No, that’s okay, I mean, just any kind of insight was definitely helpful. And then just one last quick question; the Tennessee franchises, I’m pretty sure it’s my understanding that those have the Friday lunch. Is that the case? And if they are ones with Friday lunch, now that they are company-owned, do you think about that any differently or --

G. J. Hart

Well actually, Keith, to be fair, those Tennessee, the older stores in Tennessee, actually almost all of them are open for lunch seven days a week and that’s the one market that’s been that way for as long as they’ve been open. It is yet undetermined whether or not we will eliminate lunch or not. It’s fair to say that we probably will test that at some point.

Keith Siegner - Credit Suisse

Okay. Thank you.

Operator

Our next question is from Barry Stouffer with BB&T Capital Markets.

Barry Stouffer - BB&T Capital Markets

Good afternoon, gentlemen. I just have one quick question; just curious if you could comment at all about food cost in the third quarter relative to the second quarter.

G. J. Hart

Barry, we can’t hear you at all.

Barry Stouffer - BB&T Capital Markets

Is this better? Sorry, my headset sometimes doesn’t work too good. My question was just if you could comment on food costs in the third quarter relative to the second quarter. It sounds like you are expecting some increase because of the change in the beef contract.

G. J. Hart

Well, you’d have a little bit of increase because of the beef contract. You’d have a little bit of a decrease because of the pricing that we took, and then it’s going to come down to really menu mix and what kind of shifts we see or don’t see, and some of the floating stuff with regard to produce and dairy specifically, so it could be -- so all that means in total, you could have something from flat to up slightly from the quarter.

Barry Stouffer - BB&T Capital Markets

Versus second quarter?

G. J. Hart

Yes.

Barry Stouffer - BB&T Capital Markets

Okay. Thank you.

Operator

Our next question then is from Jason West with Deutsche Bank.

Jason West - Deutsche Bank

I was wondering if you could talk a bit about the outlook for free cash flow for ’08, and a follow-up question on that; for each restaurant that you guys open, what is the average CapEx now running at?

Scott M. Colosi

Jason, this is Scott. The average CapEx now is probably about close to $3 million, is probably about the average. And so that assumes we’re leasing about 80% of the land, so if we don’t -- you know, if we open one less store, we probably save $3 million on average in capital spending; if we open one more store, we’re spending $3 million more.

From a free cash flow perspective, we’re expecting to be $10 million-ish of free cash flow. That’s after our capital spending on new restaurants but prior to any acquisitions and prior to any share repurchases. So we’ve made two acquisitions this year. They total about $17 million, $18 million right now in total and then it comes down to the share repurchase and how much we spend on share repurchases will dictate how much money we have to borrow on our credit facility to fund everything.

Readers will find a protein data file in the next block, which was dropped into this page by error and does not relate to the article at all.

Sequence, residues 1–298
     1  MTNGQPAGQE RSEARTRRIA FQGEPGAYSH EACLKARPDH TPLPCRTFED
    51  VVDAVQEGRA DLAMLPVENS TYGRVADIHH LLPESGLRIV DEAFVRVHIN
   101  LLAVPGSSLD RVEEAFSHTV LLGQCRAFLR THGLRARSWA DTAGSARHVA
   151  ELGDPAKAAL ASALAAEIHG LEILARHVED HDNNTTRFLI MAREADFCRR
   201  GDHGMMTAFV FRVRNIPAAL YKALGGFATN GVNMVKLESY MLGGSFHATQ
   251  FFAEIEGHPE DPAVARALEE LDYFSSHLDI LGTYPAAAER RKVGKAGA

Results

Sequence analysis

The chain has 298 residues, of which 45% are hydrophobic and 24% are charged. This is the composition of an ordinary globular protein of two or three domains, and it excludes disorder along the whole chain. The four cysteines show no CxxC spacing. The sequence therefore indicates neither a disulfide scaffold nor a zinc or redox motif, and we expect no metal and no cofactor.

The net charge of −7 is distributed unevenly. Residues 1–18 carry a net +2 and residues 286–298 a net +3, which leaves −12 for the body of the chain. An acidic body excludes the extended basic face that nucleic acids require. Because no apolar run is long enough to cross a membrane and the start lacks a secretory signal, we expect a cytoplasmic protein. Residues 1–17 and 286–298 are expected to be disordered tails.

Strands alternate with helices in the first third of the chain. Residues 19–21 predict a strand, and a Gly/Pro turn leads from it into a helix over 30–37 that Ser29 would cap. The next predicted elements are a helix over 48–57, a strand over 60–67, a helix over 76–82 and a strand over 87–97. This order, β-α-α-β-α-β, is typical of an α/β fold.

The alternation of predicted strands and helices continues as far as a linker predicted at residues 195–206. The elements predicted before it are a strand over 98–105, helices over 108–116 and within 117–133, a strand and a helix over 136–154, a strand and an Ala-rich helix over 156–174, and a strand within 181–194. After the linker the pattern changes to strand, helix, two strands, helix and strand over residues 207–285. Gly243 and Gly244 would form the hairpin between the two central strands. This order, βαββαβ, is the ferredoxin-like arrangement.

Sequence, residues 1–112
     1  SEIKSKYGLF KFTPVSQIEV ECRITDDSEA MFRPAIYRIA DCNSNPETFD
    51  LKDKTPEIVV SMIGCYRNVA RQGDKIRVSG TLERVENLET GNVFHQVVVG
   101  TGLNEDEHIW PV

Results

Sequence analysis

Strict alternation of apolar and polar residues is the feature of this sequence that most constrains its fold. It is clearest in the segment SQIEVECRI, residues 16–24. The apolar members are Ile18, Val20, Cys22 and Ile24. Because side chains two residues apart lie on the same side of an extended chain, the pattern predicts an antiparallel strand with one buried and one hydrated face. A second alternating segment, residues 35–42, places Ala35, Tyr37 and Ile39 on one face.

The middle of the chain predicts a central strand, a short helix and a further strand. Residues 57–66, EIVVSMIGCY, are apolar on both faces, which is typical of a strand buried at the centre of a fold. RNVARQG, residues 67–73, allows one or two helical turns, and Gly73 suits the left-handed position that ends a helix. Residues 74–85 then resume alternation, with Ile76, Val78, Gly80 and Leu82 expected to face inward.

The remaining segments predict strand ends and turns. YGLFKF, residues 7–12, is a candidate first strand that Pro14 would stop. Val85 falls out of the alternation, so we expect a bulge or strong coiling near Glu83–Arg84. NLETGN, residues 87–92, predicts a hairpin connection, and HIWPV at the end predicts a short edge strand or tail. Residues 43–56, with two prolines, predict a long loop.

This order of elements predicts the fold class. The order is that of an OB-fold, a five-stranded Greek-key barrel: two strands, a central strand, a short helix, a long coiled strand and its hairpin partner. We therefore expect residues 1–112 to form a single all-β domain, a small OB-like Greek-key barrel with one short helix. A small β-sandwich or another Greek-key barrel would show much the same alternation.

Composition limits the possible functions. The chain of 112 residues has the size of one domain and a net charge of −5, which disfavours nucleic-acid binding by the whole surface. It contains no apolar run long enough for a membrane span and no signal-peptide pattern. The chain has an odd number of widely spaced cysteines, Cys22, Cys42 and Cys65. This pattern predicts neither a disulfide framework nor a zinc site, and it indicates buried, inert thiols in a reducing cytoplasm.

Jason West - Deutsche Bank

Okay, and just follow-up on pricing; you guys said you were running about 2.5% right now. What falls off as we move through the back half of the year?

Scott M. Colosi

Nothing falls off in the back half of the year. We’re going t have the approximate 2.5 all the way through the beginning of next year.

Jason West - Deutsche Bank

Okay, and then just a last one on the guidance; it looks like the food costs got pretty good visibility; you’re not expecting a big jump, it doesn’t sound like, barring some of those unhedged items. You do have a pretty -- a lot easier compare on the labor line in the back half of the year. It just seems like the guidance would be pointing towards the higher end based on some of those big items. I don’t know if there was anything in G&A or other operating that’s going to be a big delever in the back half, or something I’m missing there.

Scott M. Colosi

Well, one thing in the third quarter is we are lapping our insurance credit. Typically when our actuaries review our -- the reserves that we have set up for insurance claims, typically the last couple of years we’ve gotten some pretty big credits on the current year’s worth of claims. And so we are lapping a pretty big one -- I think it was $600,000 or $700,00 from last year that we’re coming up and lapping this year in the third quarter. We haven’t assumed anything in our forecast for that, there being a benefit or not. So certainly if there is a benefit, that will help us but as always, there’s always the risk of there being an expense that we have to take.

Jason West - Deutsche Bank

Okay, thanks.

Operator

Our next question is from Bryan Elliott with Raymond James.

Bryan Elliott - Raymond James & Associates

Good evening. Just a couple of quick housekeeping things, actually -- what was stock comp expense in the quarter, the non-cash? Do you have that, Scott?

Scott M. Colosi

Let me see if I can quickly dig that up here --